• St. Louis Cardinals vs Philadelphia Phillies: It is funny, comparing these two LCS. Likely, as an impartial observer, I might see the Yankees in the same light I see the Cardinals, i.e., the obvious favorite to win the League. However, in this postmodern world in which we live, one cannot deny context. The Cardinals have the shutdown pitching vs. the Phillies (well, unless Hamels and Lee get back on track). The batting order is pretty evenly matched – heck, I might even give Philly the advantage. Both teams have really questionable (or nonexistent) closers. If anything, the series might be wild. In the end, though, I might still have to lean towards St. Louis. St. Louis 4-2.

World Series

  • Boston Red Sox vs St. Louis Cardinals: Indeed, a rematch of 2004. Last year, I picked against the Red Sox and gave the Phillies the keys to the World Series. I have to admit, I feel the same way this year: the Cardinals will win it. However, as before, the Sox have all the tools to have the World Series for the third time in 5 years as well. However, the Sox need to have all their ducks in a row to make it through, while the Cardinals seem to already be in that “well-oiled machine” form. However, there are weeks of baseball to go before we get to the October (er, maybe November) Classic. St. Louis 4-3.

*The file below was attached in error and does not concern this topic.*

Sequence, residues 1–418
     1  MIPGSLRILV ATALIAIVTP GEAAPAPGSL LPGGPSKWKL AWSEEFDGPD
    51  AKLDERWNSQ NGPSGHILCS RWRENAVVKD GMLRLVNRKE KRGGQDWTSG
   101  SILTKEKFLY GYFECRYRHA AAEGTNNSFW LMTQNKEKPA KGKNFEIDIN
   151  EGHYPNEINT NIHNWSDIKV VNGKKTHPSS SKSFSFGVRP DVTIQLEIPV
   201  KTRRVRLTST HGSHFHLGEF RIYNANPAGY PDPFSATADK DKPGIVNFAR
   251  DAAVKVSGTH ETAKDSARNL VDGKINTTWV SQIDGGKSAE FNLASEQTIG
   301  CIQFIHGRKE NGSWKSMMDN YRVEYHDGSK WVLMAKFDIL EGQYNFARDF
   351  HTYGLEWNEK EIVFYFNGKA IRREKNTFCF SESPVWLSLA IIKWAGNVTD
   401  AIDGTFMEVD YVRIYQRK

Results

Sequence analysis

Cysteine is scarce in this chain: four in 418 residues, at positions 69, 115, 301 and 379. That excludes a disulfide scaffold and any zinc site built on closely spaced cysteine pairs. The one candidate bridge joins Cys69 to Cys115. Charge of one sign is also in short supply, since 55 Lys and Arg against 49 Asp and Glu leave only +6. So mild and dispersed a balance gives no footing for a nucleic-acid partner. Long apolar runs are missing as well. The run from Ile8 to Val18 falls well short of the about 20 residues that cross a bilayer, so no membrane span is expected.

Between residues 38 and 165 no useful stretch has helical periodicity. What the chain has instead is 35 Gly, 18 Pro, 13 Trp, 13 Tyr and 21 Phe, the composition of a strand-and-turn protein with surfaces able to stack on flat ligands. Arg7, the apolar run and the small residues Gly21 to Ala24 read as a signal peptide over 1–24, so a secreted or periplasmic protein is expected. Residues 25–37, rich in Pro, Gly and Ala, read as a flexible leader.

(Nearly) postseason baseball

The MLB postseason starts tomorrow – and I’ll have a few predictions for that coming later today or tomorrow.

However, today we have another tiebreaker, third year in a row – and second in a row featuring the Twins!

The Twins have Scott Baker facing off against the Tigers Rick Porcello. You know me, I do love an underdog, so I’m picking the Twins to win the tiebreaker – final score: 5-3. Heck, the Twins are really the better team with a positive run differential (+51) over the Tigers negative run differential (-1), so Twins win the Central!